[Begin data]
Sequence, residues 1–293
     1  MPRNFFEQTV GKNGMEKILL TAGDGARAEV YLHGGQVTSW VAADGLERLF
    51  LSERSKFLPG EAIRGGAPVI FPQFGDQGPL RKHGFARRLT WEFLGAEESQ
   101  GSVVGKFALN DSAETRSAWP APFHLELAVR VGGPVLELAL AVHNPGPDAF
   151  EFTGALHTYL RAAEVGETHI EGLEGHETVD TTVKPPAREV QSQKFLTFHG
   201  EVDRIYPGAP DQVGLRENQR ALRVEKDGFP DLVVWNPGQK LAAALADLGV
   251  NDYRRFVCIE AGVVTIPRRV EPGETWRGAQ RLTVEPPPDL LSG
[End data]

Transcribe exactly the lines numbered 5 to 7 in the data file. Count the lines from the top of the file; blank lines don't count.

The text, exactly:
   151  EFTGALHTYL RAAEVGETHI EGLEGHETVD TTVKPPAREV QSQKFLTFHG
   201  EVDRIYPGAP DQVGLRENQR ALRVEKDGFP DLVVWNPGQK LAAALADLGV
   251  NDYRRFVCIE AGVVTIPRRV EPGETWRGAQ RLTVEPPPDL LSG